University College Cork - National University of Ireland v Electricity Supply Board

JurisdictionIreland
CourtCourt of Appeal (Ireland)
Judgethe President
Judgment Date20 March 2018
Neutral Citation[2018] IECA 82
Date20 March 2018
Docket NumberNeutral Citation Number: IECA 82 [2016 No. 92]

[2018] IECA 82

THE COURT OF APPEAL

Ryan P.

The President

Irvine J.

Whelan J.

Neutral Citation Number: IECA 82

[2016 No. 92]

BETWEEN
UNIVERSITY COLLEGE CORK – NATIONAL UNIVERSITY OF IRELAND
RESPONDENT
AND
ELECTRICITY SUPPLY BOARD
APPELLANT

Negligence – Nuisance – Damages – Respondent seeking to recover the cost of repairs and losses from the appellant – Whether the appellant was in breach of a duty of care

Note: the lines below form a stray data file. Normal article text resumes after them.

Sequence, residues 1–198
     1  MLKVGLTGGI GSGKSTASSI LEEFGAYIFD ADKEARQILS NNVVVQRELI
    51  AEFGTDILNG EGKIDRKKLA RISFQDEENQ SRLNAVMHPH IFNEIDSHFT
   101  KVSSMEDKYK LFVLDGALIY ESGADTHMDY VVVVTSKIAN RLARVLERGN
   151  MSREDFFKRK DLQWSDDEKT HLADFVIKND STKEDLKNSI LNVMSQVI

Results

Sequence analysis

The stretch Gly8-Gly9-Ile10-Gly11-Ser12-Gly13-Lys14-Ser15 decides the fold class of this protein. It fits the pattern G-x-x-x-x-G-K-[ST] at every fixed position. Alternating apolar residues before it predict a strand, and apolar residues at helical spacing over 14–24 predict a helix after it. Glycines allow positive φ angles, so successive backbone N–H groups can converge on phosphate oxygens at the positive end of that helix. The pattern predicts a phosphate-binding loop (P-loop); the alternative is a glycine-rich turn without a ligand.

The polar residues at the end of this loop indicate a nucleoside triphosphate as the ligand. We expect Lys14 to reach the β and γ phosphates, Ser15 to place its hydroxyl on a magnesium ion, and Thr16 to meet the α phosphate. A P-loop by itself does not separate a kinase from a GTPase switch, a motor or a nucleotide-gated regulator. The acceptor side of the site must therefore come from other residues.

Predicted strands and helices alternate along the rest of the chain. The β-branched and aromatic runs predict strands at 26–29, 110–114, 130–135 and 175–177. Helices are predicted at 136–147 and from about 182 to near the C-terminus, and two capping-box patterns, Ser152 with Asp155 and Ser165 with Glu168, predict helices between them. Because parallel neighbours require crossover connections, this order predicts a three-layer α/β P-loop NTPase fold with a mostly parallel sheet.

Facts: The respondent, University College Cork (UCC), sought to recover the substantial cost of repairs and losses from the appellant, Electricity Supply Board (ESB), which it blamed for the flooding of its campus buildings. In January 2012 UCC issued proceedings against ESB claiming damages in negligence and nuisance. There were two elements to the claim advanced, concerning flooding and warnings. The essence of the flooding case was that ESB had a duty of care to avoid unnecessary flooding and that it was in breach of that obligation as a result of which UCC suffered substantial loss and damage. In regard to warnings, UCC acknowledged that ESB had given certain warnings but maintained that they were wholly inadequate. The High Court held that ESB, as dam operator, was liable in nuisance and negligence for the damage caused, and that UCC was liable in contributory negligence, attributing 60% liability to ESB and 40% to UCC. ESB appealed that decision to the Court of Appeal, maintaining that it fully discharged its legal obligations pursuant to its statutory mandate and common law. Moreover, and fundamental to its defence was the fact that its scheme did not add in any way to the flooding, but actually reduced it.